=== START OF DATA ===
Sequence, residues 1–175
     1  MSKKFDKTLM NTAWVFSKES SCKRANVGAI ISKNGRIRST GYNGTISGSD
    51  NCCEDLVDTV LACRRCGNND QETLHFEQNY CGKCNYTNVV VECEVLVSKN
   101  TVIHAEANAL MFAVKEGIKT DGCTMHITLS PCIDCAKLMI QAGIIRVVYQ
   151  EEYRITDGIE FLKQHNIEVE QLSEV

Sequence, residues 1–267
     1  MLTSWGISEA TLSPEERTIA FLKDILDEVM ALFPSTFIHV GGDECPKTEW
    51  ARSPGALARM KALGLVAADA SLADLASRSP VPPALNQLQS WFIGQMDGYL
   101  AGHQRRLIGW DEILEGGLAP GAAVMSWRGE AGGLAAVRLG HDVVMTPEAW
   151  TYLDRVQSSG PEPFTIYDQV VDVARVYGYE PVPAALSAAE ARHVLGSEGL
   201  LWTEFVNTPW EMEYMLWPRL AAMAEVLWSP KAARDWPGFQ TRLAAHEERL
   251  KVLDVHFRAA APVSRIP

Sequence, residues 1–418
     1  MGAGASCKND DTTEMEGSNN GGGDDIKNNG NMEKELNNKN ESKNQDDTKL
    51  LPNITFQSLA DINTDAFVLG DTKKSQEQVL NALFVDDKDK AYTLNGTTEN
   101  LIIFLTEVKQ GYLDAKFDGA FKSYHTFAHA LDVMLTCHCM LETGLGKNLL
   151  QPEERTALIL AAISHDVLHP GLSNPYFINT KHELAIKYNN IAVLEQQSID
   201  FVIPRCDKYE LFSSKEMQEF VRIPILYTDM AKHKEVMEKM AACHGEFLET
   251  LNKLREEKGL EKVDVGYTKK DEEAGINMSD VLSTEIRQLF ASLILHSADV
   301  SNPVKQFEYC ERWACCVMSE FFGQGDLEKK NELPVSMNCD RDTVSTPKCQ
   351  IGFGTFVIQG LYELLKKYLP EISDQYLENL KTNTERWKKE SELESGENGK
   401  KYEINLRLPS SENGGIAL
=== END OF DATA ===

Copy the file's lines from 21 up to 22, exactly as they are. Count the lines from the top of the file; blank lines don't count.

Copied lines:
   351  IGFGTFVIQG LYELLKKYLP EISDQYLENL KTNTERWKKE SELESGENGK
   401  KYEINLRLPS SENGGIAL